Figure 13: Densiometric chromatogram of working standard of Lupeol

Click here to view
Figure 14: Densiometric chromatogram of working standard ursolic acid

Click here to view
Figure 15: Densiometric chromatogram of Artocarpus heterophyllus leaf

Click here to view
Figure 16: High performance thin layer chromatography plate showing bands of Artocarpus heterophyllus leaves, ursolic acid and lupeol

Click here to view
Figure 17: Spectral comparison of ursolic acid

Click here to view
Figure 18: Spectral comparison of lupeol

Click here to view
Figure 19: Three-dimensional spectra of all peaks at 500 nm

Click here to view
Table 6: Summary of validation parameters

Click here to view
Table 7: Intra-day and inter day precisions

Click here to view
Table 8: Recovery analysis of lupeol and ursolic acid

Click here to view


Antimicrobial activity

Zone of inhibition of test and standard substances are given in [Table 9] and [Table 10] respectively and [Figure 20], whereas minimum inhibitory concentration (MIC) for different strains is shown in [Table 11], respectively. Different microbial stains used for the antimicrobial study are given in [Table 12].
Table 9: Zone of inhibition by compounds at various concentration against different strains

Click here to view
Table 10: Zone of inhibition by standard at various concentration against different strains

Click here to view
Figure 20: Antimicrobial activity of Artocarpus heterophyllus at different concentations

Click here to view
Table 11: Evaluation for minimum inhibitory concentration with different strains

Click here to view
Table 12: Different microbial stains used for antimicrobial study

Click here to view



  Discussion Top


Artocarpus hetrophyllus is one of the most common distributed plants in tropical regions of India; this plant has been part of ethnic culture since ancient time to treat several disorders and health issues, despite of high therapeutic possessions the plant is yet not much highlighted for its medicinal values factually it is highly demanded in food sectors. Pharmacognostic standardization was essential as oodles of uncertainty prevail when it comes to authentic information regarding the plant; also there was no justified pharmacognostic or anatomical work reported for the plant. Large number of phytoconstituents present in the plant gives it high medicinal value, the result from preliminary phytochemical screening as well as literature survey narrates that the plant has abundant amount of ursolic acid and lupeol thus it was thought worthwhile to subject the plant for quantitative analysis of ursolic acid and lupeol: the triterpenoids, ursolic acid, and lupeol are pronounced antihepatotoxic agent,[22] thus by detecting the presence and amount of these active constituents in leaf can pave a pathway for its utilization in several hepatic ailments, the physiochemical properties of the plant is given in [Table 5] and [Table 6] This plant somewhere lacks in the standardizing parameters that can act as a quality control tool for the better identification of the plant which is the primary step for better research of herbals. An attempt has been made to pinpoint the morpho-microscopic parameters that can be utilitarian in authentication of the plant. In this background certain reliable exemplar in TS of the leaf can be the presence of collateral open type vascular bundle that in which xylem and phloem are separated by cambium, TS of the leaf also shows that xylem and ground tissue is parenchymatous in nature while bast tissue is sclerenchymatous [Figure 1]. Cells of ground tissue contains calcium oxalate crystals whose type was very well confirmed in powder microscopy, the sui generis remarks of the leaf powder is the presence of starch grains, rosette type of calcium oxalate crystals, anomocytic stomata and sheathing trichomes [Figure 5]. HPTLC was accomplished to generate fingerprint profile of A. heterophyllus to detect and quantify the amount of ursolic acid and lupeol in leaves of the plant, the results revealed that it is present in substantial amount, both of these biomarkers has corroborated itself in fortifying the liver against several adverse conditions. Furthermore, quantitative analysis of various constituents such as gallic acid, tannic acid, rutin, and lupeol hits the antioxidant potential of the plant also the plant can be further explored for its antihepatotoxic potentials. Plant possess good antibacterial activity [Figure 20] this may be due to the presence of tannins such as gallic acid and tannic acid, the literature says that tannins have the ability to disintegrate the bacterial colony, which may be due to the interference with the bacterial cell wall.[23],[24] Data generated in this study is factual and verifiable in terms of standardization of this crude drug and also demands the attention pharmacologist to explore this plant in the field of medicine based research and development.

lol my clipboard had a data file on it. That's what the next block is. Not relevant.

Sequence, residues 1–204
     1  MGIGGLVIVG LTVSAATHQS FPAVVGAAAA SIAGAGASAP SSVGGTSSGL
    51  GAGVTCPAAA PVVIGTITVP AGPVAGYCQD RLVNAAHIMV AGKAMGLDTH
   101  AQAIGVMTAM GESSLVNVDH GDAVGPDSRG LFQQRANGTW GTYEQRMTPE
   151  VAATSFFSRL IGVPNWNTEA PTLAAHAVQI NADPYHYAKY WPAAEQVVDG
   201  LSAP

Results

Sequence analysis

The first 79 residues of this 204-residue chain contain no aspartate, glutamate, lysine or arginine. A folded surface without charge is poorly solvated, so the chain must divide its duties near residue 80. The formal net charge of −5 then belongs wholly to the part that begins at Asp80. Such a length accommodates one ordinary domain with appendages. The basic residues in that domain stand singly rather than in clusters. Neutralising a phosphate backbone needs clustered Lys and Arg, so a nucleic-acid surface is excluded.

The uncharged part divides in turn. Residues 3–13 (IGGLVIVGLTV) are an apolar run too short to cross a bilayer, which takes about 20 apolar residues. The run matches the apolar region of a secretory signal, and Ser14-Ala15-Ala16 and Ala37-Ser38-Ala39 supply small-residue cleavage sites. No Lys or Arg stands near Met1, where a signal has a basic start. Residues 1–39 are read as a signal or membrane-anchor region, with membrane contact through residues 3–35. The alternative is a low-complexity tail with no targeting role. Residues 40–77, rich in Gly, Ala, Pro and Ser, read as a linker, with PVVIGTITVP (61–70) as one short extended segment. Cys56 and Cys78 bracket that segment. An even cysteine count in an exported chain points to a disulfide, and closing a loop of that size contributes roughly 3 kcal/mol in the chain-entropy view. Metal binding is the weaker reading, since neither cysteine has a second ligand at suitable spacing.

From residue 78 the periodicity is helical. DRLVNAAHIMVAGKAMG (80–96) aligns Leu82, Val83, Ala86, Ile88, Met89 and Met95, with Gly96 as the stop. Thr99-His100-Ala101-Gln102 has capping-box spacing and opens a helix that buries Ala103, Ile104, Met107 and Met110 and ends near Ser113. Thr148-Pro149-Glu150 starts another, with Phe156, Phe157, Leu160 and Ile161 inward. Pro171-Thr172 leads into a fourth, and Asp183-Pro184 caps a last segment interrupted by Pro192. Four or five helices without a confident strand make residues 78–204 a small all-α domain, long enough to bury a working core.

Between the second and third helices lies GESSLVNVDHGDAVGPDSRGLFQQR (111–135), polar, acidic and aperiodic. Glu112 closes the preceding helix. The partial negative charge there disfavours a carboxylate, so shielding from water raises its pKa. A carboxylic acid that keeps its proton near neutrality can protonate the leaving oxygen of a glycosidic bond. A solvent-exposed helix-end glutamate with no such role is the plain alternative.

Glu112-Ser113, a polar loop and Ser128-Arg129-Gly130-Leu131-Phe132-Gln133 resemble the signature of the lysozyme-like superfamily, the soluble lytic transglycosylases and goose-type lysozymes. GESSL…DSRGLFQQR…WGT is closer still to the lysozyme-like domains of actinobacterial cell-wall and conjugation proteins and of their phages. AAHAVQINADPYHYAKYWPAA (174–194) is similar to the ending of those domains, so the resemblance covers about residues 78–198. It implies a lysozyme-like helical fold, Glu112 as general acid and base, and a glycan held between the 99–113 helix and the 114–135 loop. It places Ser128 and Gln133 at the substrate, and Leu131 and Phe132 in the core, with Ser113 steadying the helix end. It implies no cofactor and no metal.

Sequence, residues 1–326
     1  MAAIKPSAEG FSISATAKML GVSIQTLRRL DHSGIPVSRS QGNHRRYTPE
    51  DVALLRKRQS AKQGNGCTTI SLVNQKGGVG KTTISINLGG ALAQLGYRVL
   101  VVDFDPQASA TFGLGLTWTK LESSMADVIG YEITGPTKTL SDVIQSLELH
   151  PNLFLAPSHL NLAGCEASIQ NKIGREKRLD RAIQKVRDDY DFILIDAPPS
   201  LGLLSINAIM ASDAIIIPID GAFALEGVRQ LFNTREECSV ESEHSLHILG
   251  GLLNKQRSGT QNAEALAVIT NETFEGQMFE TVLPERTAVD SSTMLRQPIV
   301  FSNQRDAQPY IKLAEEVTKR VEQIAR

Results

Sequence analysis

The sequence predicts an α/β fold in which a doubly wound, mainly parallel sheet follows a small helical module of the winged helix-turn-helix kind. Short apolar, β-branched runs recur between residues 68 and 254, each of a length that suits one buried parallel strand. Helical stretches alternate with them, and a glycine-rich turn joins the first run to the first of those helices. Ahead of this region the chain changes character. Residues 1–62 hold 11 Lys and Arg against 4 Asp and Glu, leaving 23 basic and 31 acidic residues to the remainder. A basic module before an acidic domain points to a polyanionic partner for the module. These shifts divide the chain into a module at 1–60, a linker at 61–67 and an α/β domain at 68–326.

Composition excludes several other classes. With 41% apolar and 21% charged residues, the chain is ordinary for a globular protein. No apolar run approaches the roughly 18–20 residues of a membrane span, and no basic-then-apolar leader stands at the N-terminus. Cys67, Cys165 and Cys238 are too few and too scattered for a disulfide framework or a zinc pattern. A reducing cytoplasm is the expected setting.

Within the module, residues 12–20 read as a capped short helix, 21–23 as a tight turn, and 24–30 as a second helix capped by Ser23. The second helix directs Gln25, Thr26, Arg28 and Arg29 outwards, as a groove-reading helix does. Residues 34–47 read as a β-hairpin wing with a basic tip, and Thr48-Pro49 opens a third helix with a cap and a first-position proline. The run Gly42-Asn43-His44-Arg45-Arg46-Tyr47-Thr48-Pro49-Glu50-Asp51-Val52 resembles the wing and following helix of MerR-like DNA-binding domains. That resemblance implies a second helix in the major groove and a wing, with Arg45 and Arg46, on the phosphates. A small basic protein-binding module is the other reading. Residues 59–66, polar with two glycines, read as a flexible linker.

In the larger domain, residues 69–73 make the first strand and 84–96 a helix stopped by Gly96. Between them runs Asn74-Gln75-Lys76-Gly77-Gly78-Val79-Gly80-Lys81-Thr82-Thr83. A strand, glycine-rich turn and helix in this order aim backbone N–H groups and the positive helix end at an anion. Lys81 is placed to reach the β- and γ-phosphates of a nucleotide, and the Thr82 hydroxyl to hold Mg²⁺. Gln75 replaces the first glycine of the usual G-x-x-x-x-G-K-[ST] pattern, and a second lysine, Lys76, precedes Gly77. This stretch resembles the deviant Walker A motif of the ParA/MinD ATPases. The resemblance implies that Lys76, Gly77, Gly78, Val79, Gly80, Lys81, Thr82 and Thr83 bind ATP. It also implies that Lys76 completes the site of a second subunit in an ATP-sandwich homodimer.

Conclusion Top